A 400,000-year-old fossilised human skull was found in the Aroeira cave in Torres Novas, Santarém, by an international team of archaeologists, led by João Zilhão.
The archaeologists spotted the skull in 2014 as they surveyed the extensive cave system. After years of careful work and analysis, the team has presented its findings in this week's issue of the US National Academy of Sciences’s newsletter.
"It is the oldest such fossil found in Portuguese territory and one of the oldest in Europe," according to João Zilhão who added that nobody has ever found a mid-Pleistocene human fossil in such a westerly part of Europe.
The archaeologist said the international interest generated by the find is that the Middle Pleistocene hominin cranium is accurately dated and has become a reference point for interpreting other fossils that are harder to date."
During the period, from 2.5 million years ago to 11,500 years ago, there were "very diverse populations, markedly different to any human population today, coexisting but not belonging to any single species," said Zilhão.
The excavations in the cave system where this skull was found will continue because "it makes sense to try to find more material as parts of the skull and other skeletal remains are missing."
Out ancestor is "halfway between homo erectus, which appeared in Africa between 1.5 million and 2 million years ago and Neanderthals."
The cave system "has the potential, due to its geological conditions, to contain remains from all the periods of the last half a million years."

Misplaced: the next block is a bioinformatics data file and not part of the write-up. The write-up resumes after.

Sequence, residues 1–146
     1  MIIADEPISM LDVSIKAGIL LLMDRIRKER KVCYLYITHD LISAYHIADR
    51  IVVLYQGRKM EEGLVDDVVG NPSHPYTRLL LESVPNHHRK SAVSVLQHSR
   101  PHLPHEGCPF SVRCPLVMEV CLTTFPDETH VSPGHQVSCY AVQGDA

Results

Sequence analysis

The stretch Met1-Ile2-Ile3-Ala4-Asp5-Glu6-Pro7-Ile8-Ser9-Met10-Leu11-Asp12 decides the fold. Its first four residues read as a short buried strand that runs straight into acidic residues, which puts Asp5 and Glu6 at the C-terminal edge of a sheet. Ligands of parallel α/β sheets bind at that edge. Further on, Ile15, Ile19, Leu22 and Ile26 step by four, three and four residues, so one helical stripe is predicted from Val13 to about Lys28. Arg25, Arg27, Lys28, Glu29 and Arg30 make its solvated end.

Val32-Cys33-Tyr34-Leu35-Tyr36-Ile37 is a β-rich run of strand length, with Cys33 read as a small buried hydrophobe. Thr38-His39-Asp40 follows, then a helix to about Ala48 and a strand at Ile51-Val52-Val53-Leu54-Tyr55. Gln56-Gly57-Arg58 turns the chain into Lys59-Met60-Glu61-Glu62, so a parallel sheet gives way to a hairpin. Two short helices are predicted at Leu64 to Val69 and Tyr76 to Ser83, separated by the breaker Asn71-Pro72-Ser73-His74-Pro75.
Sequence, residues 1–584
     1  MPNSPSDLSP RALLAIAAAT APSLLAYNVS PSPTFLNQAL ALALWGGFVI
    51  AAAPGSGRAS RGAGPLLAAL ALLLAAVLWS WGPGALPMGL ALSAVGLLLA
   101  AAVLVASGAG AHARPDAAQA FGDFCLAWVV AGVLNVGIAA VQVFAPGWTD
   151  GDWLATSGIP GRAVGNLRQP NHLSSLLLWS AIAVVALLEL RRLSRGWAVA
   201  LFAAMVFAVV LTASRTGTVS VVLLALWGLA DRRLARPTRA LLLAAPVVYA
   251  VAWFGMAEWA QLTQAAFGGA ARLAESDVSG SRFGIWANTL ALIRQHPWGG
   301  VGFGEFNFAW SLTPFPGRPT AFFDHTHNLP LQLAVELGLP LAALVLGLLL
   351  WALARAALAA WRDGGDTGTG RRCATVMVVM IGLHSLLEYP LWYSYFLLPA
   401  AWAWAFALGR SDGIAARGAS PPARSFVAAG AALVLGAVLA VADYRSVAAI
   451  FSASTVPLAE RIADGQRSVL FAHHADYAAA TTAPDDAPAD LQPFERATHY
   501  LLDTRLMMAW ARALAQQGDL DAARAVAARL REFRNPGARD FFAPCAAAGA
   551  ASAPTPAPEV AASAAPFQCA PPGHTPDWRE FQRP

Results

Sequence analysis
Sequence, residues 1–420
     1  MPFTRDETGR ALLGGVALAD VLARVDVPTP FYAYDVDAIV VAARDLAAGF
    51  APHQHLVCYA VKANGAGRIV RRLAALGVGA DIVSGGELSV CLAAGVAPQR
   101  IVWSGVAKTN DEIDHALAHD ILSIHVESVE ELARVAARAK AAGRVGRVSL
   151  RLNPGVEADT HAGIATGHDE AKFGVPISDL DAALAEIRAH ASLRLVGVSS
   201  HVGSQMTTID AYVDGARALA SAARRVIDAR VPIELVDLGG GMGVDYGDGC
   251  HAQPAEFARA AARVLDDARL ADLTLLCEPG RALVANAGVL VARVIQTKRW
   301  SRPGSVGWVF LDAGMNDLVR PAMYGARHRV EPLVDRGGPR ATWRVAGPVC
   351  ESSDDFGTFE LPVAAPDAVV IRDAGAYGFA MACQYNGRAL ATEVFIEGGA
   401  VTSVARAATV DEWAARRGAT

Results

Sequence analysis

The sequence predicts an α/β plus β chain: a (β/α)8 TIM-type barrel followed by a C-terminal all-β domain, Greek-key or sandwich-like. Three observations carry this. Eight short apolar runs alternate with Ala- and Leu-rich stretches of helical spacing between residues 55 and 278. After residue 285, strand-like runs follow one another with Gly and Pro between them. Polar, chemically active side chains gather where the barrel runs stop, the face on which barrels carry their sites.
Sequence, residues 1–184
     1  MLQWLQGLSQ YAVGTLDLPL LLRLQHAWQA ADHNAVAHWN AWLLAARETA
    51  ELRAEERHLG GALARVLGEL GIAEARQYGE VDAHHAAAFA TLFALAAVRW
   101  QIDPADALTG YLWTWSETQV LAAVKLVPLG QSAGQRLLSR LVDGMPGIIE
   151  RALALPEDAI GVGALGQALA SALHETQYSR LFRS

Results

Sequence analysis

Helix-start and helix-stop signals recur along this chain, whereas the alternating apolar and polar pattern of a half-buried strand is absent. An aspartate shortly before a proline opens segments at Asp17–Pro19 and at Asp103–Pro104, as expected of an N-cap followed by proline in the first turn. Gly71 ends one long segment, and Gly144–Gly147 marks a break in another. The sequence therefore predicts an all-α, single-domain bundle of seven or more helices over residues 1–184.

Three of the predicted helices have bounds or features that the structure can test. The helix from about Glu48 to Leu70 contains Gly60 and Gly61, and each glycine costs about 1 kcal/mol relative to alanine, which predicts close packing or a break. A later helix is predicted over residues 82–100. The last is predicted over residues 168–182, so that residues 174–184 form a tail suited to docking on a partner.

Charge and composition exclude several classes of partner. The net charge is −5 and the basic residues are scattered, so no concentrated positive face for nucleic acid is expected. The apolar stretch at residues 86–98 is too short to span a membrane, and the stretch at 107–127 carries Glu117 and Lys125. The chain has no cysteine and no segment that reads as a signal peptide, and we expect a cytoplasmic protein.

The team also found remains of animals and stone tools, such as axes along with remains from fires.
The skull fossil was found and removed for testing in 2014. It was embedded in a single block of sediment and was taken to a research center in Madrid, where specialists were able to separate it after painstaking work.
"The ‘Skull of Aroeira’ is the oldest human fossil ever found in Portugal and shares some characteristics with other fossils of this period discovered in Spain, France and Italy," said the noted archaeologist Ralf Quam of the University of North America in Binghamton in upstate New York.
Quam said the Iberian Peninsula is a crucial region for our understand of the origin and evolution of Neanderthal man, the branch of human evolution that died out about 40,000 years ago.
The ‘Skull of Aroeira’ will be the centrepiece of an exhibition that opens in October at the National Archaeological Museum in Lisbon.